Vermont Summer Tree Pests to Watch Out For

All trees are vulnerable to insect infestations that can cause illness or even death. While different trees and regions experience various types of insects and related diseases, here in Vermont, we have some pests that have created problems for years and others that are new to our area.

That’s why it’s important to inspect the trees on your property regularly to spot signs of a pest infestation. Catching a problem early allows a skilled arborist to identify the type of pest and put a plan into place to restore the tree or shrub to a healthy condition.

Here are some of the main pests that impact our trees in Vermont and what to be on the lookout for:

  • Asian Longhorned Beetle: This insect targets maple and other hardwood trees and is active during the summer and autumn months. These pests are especially destructive because trees can’t heal from the damage they inflict. The key sign they are attacking a tree is round exit holes about the size of a dime or smaller in the tree.
  • Emerald Ash Borer: These pests lay their eggs in the bark of ash trees, where they hatch and then burrow into the tree. They feed on the inner bark and phloem, creating S-shaped markings. As adults, they emerge from trees in spring, leaving D-shaped exit holes, and stay active until the end of summer.
  • Whitespotted Sawyer Beetle: These native wood-boring beetles are commonly found in Vermont. Adults emerge from circular exit holes in the wood and are active during the summer. They feed on conifers and lay their eggs in tender bark, where the larvae hatch. The larvae then bore into wood, creating girdling and dieback. You may see small piles of sawdust at the base of trees where larvae have been tunneling.
  • Elm Zigzag Sawfly: This destructive, invasive pest was confirmed for the first time in Vermont in 2023. It feeds on multiple elm species, creating zig-zag patterns on the leaves, and in high numbers full defoliation of trees can occur. Adult females emerge in late spring when the weather gets warm and lay eggs, which hatch into caterpillars that feed on the elm leaves. This is a new pest so methods for saving trees are still being explored. If caught early, trees can generally be restored to health.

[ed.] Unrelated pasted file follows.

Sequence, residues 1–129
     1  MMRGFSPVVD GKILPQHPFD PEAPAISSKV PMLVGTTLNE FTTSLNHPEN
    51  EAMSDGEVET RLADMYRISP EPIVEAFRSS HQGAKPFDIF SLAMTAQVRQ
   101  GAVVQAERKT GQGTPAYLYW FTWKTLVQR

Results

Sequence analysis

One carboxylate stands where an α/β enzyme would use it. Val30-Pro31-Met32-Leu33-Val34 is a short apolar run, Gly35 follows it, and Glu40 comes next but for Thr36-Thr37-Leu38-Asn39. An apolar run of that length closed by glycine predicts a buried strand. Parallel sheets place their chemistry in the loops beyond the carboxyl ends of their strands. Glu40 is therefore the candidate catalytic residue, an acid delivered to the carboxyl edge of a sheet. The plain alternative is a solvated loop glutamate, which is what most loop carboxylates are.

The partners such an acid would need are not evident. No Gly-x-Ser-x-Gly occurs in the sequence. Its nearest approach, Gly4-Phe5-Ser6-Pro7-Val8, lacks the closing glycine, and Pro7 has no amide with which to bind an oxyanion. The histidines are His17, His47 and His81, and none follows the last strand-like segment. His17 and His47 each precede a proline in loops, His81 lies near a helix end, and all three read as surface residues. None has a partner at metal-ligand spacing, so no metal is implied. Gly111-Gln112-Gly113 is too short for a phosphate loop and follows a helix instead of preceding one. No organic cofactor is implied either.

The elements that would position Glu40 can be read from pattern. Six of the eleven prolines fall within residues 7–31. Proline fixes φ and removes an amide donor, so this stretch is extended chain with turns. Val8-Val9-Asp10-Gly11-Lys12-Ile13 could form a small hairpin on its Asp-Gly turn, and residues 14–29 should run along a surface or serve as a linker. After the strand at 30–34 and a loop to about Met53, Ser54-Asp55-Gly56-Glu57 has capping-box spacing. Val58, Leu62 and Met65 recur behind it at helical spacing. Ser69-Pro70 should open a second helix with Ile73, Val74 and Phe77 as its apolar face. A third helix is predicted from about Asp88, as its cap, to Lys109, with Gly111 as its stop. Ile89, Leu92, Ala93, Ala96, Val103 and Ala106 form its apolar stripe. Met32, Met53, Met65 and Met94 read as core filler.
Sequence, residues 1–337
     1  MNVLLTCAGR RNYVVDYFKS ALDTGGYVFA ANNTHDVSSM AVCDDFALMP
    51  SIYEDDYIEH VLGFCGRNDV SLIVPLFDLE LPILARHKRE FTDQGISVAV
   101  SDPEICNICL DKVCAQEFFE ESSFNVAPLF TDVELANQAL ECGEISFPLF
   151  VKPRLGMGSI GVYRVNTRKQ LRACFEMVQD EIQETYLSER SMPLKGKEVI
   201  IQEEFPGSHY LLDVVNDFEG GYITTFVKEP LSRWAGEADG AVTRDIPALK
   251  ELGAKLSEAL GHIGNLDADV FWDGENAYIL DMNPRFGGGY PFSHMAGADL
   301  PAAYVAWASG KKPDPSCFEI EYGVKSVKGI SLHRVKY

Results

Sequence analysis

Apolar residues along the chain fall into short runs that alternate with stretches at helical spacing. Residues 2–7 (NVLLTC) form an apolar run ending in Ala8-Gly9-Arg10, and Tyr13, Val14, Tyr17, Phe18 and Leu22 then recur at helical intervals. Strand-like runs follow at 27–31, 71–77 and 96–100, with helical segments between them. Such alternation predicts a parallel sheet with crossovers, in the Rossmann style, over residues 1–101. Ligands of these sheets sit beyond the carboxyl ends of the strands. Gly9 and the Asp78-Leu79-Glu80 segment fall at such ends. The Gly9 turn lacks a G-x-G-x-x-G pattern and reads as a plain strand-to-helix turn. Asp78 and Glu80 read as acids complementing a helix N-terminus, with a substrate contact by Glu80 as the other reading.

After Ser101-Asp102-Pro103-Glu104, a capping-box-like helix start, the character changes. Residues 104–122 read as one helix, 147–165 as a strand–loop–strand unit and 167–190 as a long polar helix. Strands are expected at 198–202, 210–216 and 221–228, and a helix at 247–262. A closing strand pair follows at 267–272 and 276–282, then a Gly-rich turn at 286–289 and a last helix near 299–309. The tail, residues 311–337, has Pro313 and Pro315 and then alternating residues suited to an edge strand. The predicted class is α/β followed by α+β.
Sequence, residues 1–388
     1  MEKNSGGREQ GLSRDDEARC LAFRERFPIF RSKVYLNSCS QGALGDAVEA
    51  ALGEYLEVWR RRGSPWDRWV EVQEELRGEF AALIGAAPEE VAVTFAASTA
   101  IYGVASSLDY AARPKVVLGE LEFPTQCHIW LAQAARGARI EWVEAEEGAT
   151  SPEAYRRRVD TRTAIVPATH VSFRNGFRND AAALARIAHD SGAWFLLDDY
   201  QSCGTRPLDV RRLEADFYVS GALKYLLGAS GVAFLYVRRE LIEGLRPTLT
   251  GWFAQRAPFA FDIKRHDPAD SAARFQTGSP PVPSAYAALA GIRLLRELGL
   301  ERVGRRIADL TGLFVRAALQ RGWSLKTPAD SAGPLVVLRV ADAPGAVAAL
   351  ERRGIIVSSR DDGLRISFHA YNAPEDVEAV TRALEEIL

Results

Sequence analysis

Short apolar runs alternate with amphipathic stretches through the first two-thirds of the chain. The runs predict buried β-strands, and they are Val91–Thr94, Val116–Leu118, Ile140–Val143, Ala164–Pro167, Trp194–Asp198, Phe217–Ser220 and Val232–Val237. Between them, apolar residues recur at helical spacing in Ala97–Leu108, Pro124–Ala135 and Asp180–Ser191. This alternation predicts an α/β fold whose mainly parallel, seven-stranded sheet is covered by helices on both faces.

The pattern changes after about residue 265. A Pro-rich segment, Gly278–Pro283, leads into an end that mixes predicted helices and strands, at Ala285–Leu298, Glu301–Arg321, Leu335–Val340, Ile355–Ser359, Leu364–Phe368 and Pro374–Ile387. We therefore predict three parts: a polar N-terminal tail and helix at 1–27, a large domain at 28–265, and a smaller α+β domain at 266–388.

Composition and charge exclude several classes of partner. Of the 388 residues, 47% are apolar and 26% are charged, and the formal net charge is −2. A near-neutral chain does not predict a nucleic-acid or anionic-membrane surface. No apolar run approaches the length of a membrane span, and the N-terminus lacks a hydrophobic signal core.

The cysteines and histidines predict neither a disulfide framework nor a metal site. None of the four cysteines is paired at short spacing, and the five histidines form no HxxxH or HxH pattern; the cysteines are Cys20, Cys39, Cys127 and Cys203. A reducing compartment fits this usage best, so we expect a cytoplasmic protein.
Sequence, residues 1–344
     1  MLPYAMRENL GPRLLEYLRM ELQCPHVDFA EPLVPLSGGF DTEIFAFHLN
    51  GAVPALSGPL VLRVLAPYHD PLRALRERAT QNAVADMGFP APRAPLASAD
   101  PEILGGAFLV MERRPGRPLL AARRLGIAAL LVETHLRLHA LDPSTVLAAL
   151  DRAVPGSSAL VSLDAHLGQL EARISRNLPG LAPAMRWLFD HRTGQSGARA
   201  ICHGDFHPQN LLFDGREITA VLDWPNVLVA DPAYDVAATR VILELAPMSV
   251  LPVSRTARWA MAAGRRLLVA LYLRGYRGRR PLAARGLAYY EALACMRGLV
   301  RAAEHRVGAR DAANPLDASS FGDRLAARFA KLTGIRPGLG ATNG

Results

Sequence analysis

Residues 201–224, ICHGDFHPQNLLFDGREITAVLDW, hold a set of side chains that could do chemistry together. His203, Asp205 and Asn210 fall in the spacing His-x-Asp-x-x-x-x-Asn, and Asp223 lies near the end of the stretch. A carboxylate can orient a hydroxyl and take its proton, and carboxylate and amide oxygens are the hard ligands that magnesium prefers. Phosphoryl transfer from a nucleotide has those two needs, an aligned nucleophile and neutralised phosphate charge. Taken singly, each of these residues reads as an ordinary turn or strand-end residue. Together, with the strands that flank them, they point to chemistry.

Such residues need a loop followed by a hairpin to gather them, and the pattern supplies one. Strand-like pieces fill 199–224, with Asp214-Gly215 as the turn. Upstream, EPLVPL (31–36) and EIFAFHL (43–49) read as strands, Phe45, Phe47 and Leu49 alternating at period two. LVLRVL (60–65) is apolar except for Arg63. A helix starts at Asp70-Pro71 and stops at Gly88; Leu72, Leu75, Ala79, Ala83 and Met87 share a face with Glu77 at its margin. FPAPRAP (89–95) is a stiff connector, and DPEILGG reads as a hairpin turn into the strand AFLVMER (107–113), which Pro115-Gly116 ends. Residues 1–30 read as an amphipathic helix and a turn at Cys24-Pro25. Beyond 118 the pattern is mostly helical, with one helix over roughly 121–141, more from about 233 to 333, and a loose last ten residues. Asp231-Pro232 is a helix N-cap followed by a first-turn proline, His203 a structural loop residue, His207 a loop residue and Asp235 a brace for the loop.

• Spongy Moth Caterpillars: In 2022, these invasive caterpillars defoliated almost 43,000 acres across Vermont. Also known as the Gypsy Moth, this pest feeds on the leaves of more than 300 species of trees and shrubs, eventually killing them. The larvae are active during May and June, and adults emerge in late June through mid-July and can persist into August. Most people have seen these brownish-gray caterpillars with tufts of hair at each segment. Mature larvae are between 1 ½ and 2 ½ inches long.
  • Hemlock Wooly Adelgid: Otherwise known as HWA, these pests feed on hemlock trees. These aphid-like creatures look like cotton balls at the base of tree needles and can cause yellowing needles, branch dieback, and more.
  • Spotted Lanternfly: These sap-feeding insects have yet to seriously infest Vermont, but have already had grave impacts in Massachusetts, Connecticut, Delaware, Maryland, and more. They can significantly harm vineyards and orchards by reducing photosynthesis through removing sap, as well as excreting a substance that allows a mold fungus to grow on plants. Spotted Lanternflies are known for being savvy hitchhikers at all stages of life. If you spot one of these bright inch-long insects, call a trusted Arborist immediately.
  • Bronze Birch Borer: These pests can be found on birch trees, though white, cutleaf, and yellow are preferred. They burrow within the bark of the tree as larvae during the winter and emerge from spring to August. Newly transplanted trees are at a particular risk as these pests cause infestation and branch dieback, especially when multiple galleries are present.

Call the Experts When You Suspect Tree Pest Infestations

If any trees on your property show signs of a pest infestation or just don’t look right, it’s important to call a skilled arborist. At Limbwalker Tree Service, our team of ISA Certified Arborists are experts at inspecting trees for insect damage and formulating an effective, targeted treatment method. Contact us today for a consultation and to learn more about our full range of tree services.

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